1. Debt Collection
Issue invoices to customers at the time of the transaction with the credit terms clearly shown. Reckon Accounts (formerly known as QuickBooks) allows you to email invoices straight from the software so there are no excuses for your customers not receiving an immediate invoice.

Regularly review the Accounts Receivable Aging report that shows the amount each customer owes you over 30 day, 60 day and 90 day periods and use this information to aid in your debt collection efforts. You should aim to have no debts outstanding over 30 days. Check out our article on minimising non-payers here:

2. Cash Flow

Cash flow problems are commonly the cause of small business failure. Create a budget so you can keep track of cash coming in, such as collections of debt and additional funding, and cash going out such as payment of bills, Payroll, tax liabilities and drawings. It is important to budget and anticipate cash flows to avoid negative cash flow and being unable to repay your debts.

3. Reconcile Your Bank Accounts

Bank reconciliations allow you to check your own bookkeeping records against those of an external party, such as a bank. It allows any errors to be identified and corrected quickly and it is best for this to occur as soon as possible. Bank reconciliations should be performed on all bank accounts, loans, credit cards and clearing accounts on a regular basis such as monthly  or even weekly.

4. Be Aware of Your Tax Liability

Regular bookkeeping along with accounting software allows you to monitor the GST you will be required to pay to the ATO. It is important to be aware of what this amount is expected to be to ensure the business does not spend money that really belongs to the ATO and is left short at BAS time.

5. Control Your Drawings

To continue operating, businesses need working capital. The amount available for business operations is often significantly depleted by owners’ constant withdrawals from the business. Set up a strict amount to be transferred from the business account weekly, monthly, or less frequently if possible to minimise the transactions required to be coded by your bookkeeper and ensure your business has enough capital to continue running.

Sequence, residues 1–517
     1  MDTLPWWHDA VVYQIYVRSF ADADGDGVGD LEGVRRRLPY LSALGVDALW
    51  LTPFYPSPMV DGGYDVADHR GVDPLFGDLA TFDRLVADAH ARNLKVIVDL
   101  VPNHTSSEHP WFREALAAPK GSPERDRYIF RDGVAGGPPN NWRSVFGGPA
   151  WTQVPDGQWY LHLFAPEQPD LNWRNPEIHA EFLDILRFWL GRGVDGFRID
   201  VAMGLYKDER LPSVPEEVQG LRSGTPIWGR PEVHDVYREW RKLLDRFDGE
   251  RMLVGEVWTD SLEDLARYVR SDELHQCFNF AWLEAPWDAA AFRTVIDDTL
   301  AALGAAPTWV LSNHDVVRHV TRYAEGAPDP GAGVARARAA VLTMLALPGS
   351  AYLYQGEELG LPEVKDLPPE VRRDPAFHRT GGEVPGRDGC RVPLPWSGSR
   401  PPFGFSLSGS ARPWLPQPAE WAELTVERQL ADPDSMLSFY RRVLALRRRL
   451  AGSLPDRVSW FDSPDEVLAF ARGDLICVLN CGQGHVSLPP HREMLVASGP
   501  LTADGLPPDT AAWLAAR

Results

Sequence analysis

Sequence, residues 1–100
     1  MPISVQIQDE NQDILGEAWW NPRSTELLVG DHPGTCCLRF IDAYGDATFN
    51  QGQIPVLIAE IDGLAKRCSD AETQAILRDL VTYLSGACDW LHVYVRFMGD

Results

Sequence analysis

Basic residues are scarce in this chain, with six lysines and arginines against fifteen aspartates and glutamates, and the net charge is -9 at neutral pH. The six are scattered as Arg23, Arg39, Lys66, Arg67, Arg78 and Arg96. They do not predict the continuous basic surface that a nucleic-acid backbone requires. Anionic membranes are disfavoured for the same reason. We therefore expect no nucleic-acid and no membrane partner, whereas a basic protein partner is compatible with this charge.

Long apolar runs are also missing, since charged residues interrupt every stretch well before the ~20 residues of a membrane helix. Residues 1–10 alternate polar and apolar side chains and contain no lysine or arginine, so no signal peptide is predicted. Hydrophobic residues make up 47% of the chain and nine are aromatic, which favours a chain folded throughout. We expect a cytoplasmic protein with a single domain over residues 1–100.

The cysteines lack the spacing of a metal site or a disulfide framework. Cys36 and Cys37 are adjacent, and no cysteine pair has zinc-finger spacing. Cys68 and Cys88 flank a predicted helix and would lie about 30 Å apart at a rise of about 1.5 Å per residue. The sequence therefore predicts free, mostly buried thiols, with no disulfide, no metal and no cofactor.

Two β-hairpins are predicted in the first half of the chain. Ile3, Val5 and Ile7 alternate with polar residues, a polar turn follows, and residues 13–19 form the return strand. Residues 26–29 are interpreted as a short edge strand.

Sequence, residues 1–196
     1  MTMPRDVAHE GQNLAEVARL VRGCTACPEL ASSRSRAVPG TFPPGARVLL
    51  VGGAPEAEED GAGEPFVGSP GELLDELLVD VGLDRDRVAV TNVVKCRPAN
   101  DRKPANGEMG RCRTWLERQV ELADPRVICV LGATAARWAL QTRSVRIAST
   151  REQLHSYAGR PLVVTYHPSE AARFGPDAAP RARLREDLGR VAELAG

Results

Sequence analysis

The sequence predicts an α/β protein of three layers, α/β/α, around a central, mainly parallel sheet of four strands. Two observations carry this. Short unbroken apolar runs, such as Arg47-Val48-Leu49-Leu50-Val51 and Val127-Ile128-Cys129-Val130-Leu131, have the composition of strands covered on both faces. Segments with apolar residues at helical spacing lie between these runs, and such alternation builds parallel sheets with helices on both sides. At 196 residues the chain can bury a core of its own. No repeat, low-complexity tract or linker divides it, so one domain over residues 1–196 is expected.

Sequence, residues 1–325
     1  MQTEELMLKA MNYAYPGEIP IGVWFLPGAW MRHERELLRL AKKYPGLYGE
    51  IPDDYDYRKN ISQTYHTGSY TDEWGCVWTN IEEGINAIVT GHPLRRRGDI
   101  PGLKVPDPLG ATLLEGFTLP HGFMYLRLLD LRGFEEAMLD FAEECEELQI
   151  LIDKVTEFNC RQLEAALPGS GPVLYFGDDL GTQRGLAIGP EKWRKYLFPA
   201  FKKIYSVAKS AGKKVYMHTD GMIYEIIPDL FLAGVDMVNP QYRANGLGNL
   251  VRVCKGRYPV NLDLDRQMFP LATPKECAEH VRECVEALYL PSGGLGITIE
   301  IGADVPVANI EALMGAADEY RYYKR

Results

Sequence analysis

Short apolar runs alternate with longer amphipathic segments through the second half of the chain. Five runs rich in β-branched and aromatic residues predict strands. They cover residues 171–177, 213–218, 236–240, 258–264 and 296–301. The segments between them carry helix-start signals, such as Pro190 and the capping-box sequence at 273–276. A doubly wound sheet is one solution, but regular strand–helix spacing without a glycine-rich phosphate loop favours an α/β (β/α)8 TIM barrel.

6. Check Actual Figures Against Your Budget

When receiving invoices for expenses be sure to check them against previous months’ and years’ records as well as your budget to ensure you are being as cost-effective as possible. If there are significant differences, look into what has caused them and identify ways to minimise the cost in the future.

7. Be Aware of Your Payroll Obligations

As employers, there are various obligations that must be met such as withholding tax, leave entitlements, allowances, superannuation and Workcover. Ensure you are meeting your obligations to avoid non-compliance and hefty fines.

8. Inventory Management

It is important to keep an eye on your levels of inventory and the amount and time required for them to be converted into sales revenue. Taking the time to monitor your inventory levels can allow you to make more cost-effective and profit-increasing decisions when purchasing inventory.

9. Technology is Your Friend

There are various Accounting software packages available to suit your business and to minimise the time spent performing the menial administrative tasks involved with running your business. Along with the use of email and internet to connect with current and potential clients, technology can be used to your advantage to make your small business thrive.

10. Contact Us!

If you need assistance in implementing the above steps or support in continuing with them, contact Accountant Ready Services to relieve the pressure. We’ll do the work, while you focus on making money.